Intel expects a 3 per cent drop in revenue for 2006 and plans a reorganisation that could include layoffs over the next 90 days, CEO Paul Otellini said on Thursday.
Intel profits will drop from $12.1 billion in 2005 to $9.3 billion in 2006, Otellini predicted, speaking at the company's Spring Analyst Meeting in New York. In response, Intel will cut spending this year by $1 billion, cut capital expenditures by $300 million and begin a 90-day structural reorganisation of "non-performing business units."
"We are going to restructure, repurpose and resize Intel for the future," Otellini said. He did not cite any numbers for potential layoffs of the company's 100,000 employees, but he said the changes would come soon.
"It would be too simplistic to simply do a reduction in force. Our analysis will be completed within 90 days, but we will not wait that long to take action. This will be a full structural reorganisation," he said.
The disappointing financial numbers result from a slump in the growth rate of PC sales from 12 per cent or 13 per cent in recent years to 8 per cent or 9 per cent in 2006, excess inventory of microprocessors at retailers and a loss of market share.
Otellini did not mention names, but AMD gained market share in the first quarter of 2006, according to its earnings report.
Intel's revenue forecast is a sharp change from strong growth in recent years, which included 13.5 per cent annual increases from $30.1 billion in 2003 to $34.2 billion in 2004 and $38.8 billion in 2005. Intel will count net revenue in 2006 of $37.7 billion, Otellini said.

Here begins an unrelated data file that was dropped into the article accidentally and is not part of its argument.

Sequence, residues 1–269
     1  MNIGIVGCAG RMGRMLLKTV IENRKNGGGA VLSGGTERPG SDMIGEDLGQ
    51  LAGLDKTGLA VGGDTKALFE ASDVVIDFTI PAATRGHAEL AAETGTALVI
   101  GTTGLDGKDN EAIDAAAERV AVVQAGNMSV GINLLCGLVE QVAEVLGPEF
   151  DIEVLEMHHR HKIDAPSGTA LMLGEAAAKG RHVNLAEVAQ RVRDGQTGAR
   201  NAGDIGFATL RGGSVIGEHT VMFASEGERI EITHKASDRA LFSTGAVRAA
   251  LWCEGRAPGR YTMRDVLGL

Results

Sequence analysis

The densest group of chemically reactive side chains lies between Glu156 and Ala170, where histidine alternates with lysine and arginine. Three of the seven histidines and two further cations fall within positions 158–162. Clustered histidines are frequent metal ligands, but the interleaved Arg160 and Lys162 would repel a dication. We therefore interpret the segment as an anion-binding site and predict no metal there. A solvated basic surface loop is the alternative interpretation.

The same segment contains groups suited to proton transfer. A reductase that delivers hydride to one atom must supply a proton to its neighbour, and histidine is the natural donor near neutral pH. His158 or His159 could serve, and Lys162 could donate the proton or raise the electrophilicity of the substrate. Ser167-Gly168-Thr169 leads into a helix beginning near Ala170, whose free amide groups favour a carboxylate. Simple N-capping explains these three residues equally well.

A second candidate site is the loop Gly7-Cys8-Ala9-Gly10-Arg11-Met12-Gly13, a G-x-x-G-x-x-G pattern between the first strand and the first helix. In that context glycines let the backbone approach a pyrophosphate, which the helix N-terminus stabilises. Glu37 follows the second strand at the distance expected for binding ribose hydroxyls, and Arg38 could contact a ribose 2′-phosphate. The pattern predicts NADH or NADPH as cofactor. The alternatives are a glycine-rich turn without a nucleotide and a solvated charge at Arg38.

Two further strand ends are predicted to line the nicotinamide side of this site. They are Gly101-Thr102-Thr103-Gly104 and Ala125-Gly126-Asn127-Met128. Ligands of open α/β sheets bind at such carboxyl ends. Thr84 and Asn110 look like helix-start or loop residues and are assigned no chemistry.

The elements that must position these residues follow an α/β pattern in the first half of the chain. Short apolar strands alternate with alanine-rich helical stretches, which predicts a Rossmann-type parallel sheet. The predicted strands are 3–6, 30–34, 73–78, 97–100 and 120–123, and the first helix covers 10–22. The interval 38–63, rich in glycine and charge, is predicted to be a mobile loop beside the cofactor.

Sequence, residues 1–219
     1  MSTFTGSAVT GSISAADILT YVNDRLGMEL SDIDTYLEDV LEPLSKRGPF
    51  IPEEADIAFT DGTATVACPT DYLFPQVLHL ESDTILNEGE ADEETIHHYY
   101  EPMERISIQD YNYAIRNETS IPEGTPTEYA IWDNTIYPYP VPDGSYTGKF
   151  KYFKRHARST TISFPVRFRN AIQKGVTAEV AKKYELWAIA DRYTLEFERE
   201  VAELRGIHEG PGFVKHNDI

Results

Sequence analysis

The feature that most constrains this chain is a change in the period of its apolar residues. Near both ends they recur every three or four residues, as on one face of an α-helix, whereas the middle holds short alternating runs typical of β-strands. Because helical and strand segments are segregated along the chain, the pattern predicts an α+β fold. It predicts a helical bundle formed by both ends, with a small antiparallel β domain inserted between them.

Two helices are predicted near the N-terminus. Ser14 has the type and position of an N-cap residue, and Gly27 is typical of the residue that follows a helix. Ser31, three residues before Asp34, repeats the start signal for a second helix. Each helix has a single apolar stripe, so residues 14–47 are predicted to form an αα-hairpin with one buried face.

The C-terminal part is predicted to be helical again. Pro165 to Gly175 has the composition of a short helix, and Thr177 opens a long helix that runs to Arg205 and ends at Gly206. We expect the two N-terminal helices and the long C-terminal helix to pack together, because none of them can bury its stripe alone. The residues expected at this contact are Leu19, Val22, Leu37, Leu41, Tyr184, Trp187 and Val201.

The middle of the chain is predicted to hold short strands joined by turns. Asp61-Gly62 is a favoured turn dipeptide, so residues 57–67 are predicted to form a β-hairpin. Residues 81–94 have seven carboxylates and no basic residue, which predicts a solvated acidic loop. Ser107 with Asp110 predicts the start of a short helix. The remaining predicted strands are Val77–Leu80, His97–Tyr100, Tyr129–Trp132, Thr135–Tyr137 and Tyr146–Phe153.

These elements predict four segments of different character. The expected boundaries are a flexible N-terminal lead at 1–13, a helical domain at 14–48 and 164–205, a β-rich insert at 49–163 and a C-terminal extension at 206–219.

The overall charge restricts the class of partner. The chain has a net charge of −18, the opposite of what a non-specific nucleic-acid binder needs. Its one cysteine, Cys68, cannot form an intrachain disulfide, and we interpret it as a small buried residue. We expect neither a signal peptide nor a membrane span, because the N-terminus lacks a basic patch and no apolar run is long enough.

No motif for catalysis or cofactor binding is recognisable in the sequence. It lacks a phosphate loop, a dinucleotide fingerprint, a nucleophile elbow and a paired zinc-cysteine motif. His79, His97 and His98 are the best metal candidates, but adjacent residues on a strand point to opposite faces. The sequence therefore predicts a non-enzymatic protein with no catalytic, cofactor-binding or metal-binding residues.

In profit terms, that will cause a sudden slump. Intel earned $7.5 billion in 2003, $10.1 billion in 2004, and $12.1 billion in 2005. Profit will fall to $9.3 billion in 2006, Otellini said.
In addition to the reorganisation, Intel will try to regain market share by launching three dual-core, 65-nanometre processors in coming months.
Intel casts its chips
"There has been a lot of anxiety over our market-segment share. When you look at a slope of the graph, it's not terribly pretty," Otellini said.
So Intel will launch its Woodcrest chip for servers in June, its Conroe chip for desktops in July and its Merom chip for mobile PCs in August. Together, they will help recapture part of the lost business, but Intel lost market share in three segments of the market over the first quarter of 2006, according to the company's senior vice president Anand Chandrasekher.
Intel lost market share in channel and consumer retail areas for planning reasons; it did not build enough chipsets in the second half of 2005, he said.
Intel lost market share in servers for competitive reasons: "We did not meet the needs of the marketplace or our competitor had a better product than we did," Chandrasekher said.